Last of the expenses scandal?
So Margaret Moran has been charged over her expenses as an MP, and with 21 counts it sounds as if they’ve found enough mud to throw that some is likely to stick (plus of course the CPS policy is not to throw any mud at all unless the odds of stickicity is better than 50:50).
Charges relate to 15 charges of false accounting, contrary to the Theft Act 1968.
“It is alleged that she claimed expenses for the furnishing and improvement of main residences between November 2004 and August 2008 through a scheme intended for the maintenance of second homes or offices,” the DPP said.
She also faces six charges of forgery, where it is alleged that she submitted forged invoices.
And I think she’ll have a hard time persuading anyone on the jury that the house in Southampton was needed for staying over in London or had anything to do with work in her constituency in Luton.
Of 10 files of evidence handed to prosecutors, seven cases have resulted in charges.
“There are no longer any cases to be considered by the panel,” Mr Starmer said.
That this has taken more than two years to reach court, and that while only seven out of all those hundreds of iffy looking claims resulted in charges seems low the batting average of convictions has been high, may suggest that this is an occasion where the time has been taken to painstakingly build evidence and make a really strong case – as opposed to nicking someone on the strength of a fingerprint on something they’d have been expected to handle and then having to admit that actually that’s not evidence that they ever did a damned thing. Can someone explain that one to me? Why a possible murder case results in a relatively quick arrest followed by an embarrassing climbdown while a theft case which is arguably just as high profile is built up over months and then year before being brought to trial. Just wondering.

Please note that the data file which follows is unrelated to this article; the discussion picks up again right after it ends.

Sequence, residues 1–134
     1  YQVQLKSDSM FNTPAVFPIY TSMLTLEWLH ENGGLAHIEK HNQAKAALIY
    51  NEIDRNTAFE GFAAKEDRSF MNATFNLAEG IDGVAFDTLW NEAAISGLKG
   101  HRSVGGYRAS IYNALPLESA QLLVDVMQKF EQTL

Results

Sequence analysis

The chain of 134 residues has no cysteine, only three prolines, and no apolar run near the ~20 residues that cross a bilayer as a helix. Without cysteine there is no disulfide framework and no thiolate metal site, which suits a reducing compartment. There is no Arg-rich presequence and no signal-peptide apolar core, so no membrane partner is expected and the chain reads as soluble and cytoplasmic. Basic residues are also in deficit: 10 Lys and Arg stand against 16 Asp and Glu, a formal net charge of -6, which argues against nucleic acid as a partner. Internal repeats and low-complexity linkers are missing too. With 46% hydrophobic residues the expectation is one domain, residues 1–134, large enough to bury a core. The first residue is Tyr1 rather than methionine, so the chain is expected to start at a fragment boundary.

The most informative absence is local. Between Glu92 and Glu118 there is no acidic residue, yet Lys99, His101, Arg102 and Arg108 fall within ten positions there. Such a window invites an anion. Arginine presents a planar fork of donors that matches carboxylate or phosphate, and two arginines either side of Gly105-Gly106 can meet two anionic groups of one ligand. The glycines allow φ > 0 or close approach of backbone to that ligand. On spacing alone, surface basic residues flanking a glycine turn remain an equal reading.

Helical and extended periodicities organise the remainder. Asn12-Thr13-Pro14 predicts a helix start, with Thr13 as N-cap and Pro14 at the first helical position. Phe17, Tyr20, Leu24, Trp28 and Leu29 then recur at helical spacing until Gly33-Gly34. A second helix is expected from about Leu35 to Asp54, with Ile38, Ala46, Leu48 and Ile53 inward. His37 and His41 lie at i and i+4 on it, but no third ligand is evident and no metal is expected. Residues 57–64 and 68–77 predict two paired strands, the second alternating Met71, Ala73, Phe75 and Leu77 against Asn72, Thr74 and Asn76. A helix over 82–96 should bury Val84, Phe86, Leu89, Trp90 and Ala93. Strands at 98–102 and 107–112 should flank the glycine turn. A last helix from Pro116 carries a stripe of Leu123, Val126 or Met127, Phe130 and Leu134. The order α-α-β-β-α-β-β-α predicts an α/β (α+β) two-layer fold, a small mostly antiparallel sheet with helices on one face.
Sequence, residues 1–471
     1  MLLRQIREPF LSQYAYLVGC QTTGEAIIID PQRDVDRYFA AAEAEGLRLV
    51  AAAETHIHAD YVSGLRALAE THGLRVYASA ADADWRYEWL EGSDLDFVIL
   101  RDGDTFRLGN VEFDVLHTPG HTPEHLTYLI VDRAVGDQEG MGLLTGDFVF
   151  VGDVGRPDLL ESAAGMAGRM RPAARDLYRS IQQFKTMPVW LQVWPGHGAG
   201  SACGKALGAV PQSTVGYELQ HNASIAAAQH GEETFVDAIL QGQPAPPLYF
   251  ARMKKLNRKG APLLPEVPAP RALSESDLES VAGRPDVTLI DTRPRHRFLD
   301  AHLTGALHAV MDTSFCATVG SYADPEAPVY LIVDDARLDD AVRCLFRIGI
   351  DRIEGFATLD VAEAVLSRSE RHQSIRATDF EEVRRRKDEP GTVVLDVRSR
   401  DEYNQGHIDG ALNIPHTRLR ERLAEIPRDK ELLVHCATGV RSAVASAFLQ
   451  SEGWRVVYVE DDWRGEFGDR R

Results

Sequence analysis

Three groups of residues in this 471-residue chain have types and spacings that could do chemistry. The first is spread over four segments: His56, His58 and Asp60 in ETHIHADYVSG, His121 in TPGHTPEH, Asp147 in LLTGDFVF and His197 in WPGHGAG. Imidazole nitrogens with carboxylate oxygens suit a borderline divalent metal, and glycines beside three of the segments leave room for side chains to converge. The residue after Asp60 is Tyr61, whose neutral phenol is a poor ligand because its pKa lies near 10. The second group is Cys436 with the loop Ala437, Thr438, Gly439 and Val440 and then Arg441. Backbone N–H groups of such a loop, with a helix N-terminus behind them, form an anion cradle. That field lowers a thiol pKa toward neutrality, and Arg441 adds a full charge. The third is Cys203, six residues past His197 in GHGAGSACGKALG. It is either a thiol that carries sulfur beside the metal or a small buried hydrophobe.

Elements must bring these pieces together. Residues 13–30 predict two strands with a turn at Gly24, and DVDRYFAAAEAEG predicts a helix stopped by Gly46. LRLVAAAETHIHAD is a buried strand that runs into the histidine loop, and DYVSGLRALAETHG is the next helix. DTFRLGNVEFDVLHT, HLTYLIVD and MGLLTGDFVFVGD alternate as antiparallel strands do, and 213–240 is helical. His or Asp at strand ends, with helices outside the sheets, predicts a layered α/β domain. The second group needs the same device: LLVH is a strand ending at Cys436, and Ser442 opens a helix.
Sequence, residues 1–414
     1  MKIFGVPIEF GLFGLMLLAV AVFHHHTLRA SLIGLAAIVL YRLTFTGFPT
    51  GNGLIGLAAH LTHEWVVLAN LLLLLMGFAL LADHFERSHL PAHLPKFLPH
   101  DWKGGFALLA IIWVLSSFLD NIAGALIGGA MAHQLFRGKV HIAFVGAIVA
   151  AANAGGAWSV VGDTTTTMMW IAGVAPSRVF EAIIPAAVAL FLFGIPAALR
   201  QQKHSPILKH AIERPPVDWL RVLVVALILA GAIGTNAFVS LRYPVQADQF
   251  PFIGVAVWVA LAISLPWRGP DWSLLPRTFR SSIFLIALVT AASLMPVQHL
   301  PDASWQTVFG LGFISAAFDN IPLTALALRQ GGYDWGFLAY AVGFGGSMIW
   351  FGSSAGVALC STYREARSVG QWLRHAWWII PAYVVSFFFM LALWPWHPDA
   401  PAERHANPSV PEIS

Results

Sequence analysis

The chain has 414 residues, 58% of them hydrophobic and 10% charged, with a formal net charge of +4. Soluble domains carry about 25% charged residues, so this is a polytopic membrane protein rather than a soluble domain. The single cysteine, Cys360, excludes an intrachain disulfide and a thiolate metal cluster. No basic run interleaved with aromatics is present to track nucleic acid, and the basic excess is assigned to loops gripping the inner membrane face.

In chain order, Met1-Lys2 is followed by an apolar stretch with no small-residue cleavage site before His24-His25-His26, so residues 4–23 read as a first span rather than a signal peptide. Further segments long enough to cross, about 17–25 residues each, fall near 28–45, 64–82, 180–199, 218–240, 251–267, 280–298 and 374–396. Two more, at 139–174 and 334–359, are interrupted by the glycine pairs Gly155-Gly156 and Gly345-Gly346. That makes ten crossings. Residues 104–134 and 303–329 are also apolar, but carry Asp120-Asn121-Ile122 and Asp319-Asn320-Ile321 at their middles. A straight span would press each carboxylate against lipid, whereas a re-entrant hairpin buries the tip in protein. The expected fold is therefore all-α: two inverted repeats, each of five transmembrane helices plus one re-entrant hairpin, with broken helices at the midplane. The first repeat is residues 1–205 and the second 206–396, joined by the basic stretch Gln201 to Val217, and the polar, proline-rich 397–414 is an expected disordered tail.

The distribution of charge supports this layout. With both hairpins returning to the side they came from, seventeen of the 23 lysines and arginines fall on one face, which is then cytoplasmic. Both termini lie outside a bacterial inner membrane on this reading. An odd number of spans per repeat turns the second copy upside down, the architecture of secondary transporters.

“Margaret Moran now stands charged with criminal offences and has the right to a fair trial. It is extremely important that nothing should be reported which could prejudice her trial.”
While I wouldn’t want to put money on being cleared that’s still true – there’s no doubt in my mind that she’s a nest-feathering, self interested, venal trougher, but she mightn’t be a criminally nest-feathering, self interested, venal trougher. But again I wonder if Rebecca Leighton might have appreciated a similar statement.
So the only question left in my mind, other than how many got away with it of course, is whether this really is the last of the expenses scandal. Or whether, since IPSA seems like a paper tiger and new parliament had barely got in the building before they were all complaining about scrutiny, we’ll be doing all this again in a few years. Personally I don’t believe that British politicians as a class learned their lesson and I’d be astonished if there aren’t some lining their pockets right now.